Narrow road

A narrow road stretches to Okotoks

The woman behind the Narrow Road Home drug addiction program in High River showed up to city council on Monday to brief the city on what is going on.

Kim Engbrecht says they opened the door to the original house across from Spitzee School two years ago on December 2.

Since then, she says residents are now part of the community.

“When I went through my own journey and remember carrying a lot of guilt, shame and worthlessness, I realized that we don’t talk a lot about drugs and alcohol, addiction to shopping or eating disorders, it’s about dispelling the shame and guilt and getting to the root of why we do what we do, ”says Engbrecht. “I think what it is is we’re not afraid to say we’re all broken, and we’re not afraid to say we need help, but actually to say that we want to take a step to overcome and use it as a weapon for good because as soon as we talk about it he loses this veil of secrecy. “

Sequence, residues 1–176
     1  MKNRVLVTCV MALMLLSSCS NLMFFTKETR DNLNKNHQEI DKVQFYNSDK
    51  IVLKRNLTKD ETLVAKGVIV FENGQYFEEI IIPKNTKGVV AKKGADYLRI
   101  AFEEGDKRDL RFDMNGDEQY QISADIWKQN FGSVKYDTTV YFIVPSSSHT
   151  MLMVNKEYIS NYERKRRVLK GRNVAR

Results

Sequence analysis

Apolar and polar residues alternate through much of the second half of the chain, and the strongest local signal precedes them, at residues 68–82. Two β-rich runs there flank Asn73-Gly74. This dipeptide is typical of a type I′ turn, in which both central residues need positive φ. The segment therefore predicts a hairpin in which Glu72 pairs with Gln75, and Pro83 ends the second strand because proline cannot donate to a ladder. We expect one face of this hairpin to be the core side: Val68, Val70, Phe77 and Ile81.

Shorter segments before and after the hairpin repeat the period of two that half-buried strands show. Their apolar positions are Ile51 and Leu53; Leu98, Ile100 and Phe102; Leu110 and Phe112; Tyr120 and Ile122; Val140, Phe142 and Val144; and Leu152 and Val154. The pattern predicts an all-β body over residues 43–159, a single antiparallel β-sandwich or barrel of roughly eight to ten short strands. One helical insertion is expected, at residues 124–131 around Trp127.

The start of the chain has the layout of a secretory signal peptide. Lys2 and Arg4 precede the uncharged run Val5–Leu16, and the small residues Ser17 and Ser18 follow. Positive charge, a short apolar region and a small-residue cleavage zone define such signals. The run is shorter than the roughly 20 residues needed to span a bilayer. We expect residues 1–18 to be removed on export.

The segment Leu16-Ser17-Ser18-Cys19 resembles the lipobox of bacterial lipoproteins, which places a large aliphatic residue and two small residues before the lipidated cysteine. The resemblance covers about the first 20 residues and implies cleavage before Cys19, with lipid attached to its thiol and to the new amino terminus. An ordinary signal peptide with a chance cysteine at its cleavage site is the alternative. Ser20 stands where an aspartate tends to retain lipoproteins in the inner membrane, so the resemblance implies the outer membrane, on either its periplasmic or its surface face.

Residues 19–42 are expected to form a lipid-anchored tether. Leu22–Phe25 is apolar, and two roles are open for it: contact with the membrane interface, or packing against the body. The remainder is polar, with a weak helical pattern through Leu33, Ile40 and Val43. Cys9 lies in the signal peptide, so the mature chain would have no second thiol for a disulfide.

She does not remember how many women have passed through the treatment center, but says they do not have a high turnover rate and many women are now working with them at the center.

Engbrecht says they now have three connected sober support houses and are opening a fourth near Okotoks this week.

The Salvage Soul Sisters Society has a store in High River to support women’s groups in need of healing and Narrow Road Home has been chosen to receive the proceeds.

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